South Australia is a cornucopia of delicious foods and wines. It’s bursting with fresh produce, boutique wineries, and amazing restaurants with chefs who know just how to match everything to perfection on the palate.
In terms of wine, the region – made up of a number of separate wine-producing areas – offers everything from cool, breezy Riesling to full-bodied, punchy Shiraz. Over the centuries, modern Australian cuisine has been influenced by the influx of migrants from the rest of Europe and Asia. In all, it is a real mixture of the foods brought from Britain and dishes created by the indigenous population and using the abundance of local foodstuffs.
Let’s take a look at the best places to sample the food and wine culture in South Australia.
For an urbanized version of Australian cuisine, head to vibrant Adelaide. Here, you’ll get a greater sense of how local food has drawn upon flavours from waves of immigrants and the surrounding countries, particularly South East Asia.
Head to the Central Market from Tuesdays to Saturdays. This 140-year old institution gathers produce from around the world, but you can it home and serve it with an Australian wine! There are loads of wineries surrounding the city in the Adelaide Hills, and even some cellar doors in the city itself.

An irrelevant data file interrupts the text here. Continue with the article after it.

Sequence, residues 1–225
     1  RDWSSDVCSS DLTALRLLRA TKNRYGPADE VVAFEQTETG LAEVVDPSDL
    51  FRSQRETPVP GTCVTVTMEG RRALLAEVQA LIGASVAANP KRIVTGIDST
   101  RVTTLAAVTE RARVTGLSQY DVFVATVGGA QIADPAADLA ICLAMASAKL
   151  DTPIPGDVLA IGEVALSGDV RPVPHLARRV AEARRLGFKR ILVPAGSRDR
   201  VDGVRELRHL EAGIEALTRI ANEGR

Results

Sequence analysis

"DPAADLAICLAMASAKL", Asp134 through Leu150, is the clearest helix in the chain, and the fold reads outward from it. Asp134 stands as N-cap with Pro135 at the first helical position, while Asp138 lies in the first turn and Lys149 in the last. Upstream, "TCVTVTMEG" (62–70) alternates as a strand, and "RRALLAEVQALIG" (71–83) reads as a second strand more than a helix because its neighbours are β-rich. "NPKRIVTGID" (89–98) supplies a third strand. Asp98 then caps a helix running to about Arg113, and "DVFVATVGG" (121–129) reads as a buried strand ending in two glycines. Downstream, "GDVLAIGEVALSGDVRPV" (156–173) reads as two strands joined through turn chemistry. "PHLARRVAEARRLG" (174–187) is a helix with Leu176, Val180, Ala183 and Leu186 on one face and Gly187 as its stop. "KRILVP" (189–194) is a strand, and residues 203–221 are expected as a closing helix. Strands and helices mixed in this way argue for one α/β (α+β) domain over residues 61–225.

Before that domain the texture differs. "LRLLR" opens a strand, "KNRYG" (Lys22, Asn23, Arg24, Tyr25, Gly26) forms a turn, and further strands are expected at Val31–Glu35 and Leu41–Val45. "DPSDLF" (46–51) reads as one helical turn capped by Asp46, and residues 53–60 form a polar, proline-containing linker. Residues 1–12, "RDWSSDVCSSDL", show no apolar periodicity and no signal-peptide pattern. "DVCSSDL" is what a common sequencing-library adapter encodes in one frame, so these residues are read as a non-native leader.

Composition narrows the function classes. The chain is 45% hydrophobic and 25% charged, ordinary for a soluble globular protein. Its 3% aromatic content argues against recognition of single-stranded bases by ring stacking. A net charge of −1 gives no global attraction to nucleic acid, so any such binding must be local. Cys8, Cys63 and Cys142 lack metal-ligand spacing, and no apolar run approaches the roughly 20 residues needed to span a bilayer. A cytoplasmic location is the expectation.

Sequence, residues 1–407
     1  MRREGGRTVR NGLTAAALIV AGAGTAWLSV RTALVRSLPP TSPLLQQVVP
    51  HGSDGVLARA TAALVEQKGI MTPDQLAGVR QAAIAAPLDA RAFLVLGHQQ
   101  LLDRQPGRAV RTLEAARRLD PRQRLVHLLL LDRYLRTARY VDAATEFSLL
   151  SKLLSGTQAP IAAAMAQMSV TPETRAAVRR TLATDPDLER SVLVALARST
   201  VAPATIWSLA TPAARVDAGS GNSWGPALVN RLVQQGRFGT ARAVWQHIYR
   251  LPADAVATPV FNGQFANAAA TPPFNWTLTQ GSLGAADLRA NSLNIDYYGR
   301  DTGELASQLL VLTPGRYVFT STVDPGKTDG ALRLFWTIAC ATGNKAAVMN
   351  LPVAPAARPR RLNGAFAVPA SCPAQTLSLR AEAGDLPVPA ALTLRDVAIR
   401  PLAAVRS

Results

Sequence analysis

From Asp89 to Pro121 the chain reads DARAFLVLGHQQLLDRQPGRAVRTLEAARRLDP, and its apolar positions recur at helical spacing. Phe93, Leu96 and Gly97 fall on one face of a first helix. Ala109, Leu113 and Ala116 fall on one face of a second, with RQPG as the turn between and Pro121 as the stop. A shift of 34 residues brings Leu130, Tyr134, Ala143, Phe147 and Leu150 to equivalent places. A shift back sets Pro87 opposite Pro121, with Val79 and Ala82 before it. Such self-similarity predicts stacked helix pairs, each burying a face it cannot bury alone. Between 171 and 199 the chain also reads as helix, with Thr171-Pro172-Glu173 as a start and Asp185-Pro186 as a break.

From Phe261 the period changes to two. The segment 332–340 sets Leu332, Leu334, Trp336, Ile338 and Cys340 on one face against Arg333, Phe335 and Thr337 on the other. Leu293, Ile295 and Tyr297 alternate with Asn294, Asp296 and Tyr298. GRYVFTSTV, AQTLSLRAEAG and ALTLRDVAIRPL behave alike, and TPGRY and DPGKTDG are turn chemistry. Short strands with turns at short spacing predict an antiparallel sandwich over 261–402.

For a condensed taste of South Australian life, you can’t beat pretty Kangaroo Island. Originally home to settlers who herded sheep, the wool trade collapsed and now some of the local industries include abalone and oyster farming, as well as beekeeping.
Will’s Rare Breeds Farm raises 27 varieties of pig, sheep, cattle and poultry. It’s definitely not the kind of thing you’ll get in a supermarket. Ligurian bees were introduced here in 1884 and there are now two flourishing honey producers on the island. At Island Beekeeping, you can taste and buy six different types of honey, their flavours influenced by the seasonal changes and local flowers.
The island is also a fantastic place for salmon and marron (a crayfish-like crustacean). Eat ”the world’s best fish and chips” at Fish, in Penneshaw. Head to Snellings Beach for seafood and some lovely eateries. Spoiled for choice? Always choose the King George whiting.
The Barossa Valley is bursting with big players. In terms of wines, some of the biggest producers in the country have vines here.
Stop in at the Barossa Valley Cheese Company for a tasting and treat yourself to an unforgettable meal at the Louise. The Saturday farmers’ market is a delight and be sure to check out the Barossa Breakfast Rave – a sustainable breakfast feast which pops up in venues from railways stations to wineries.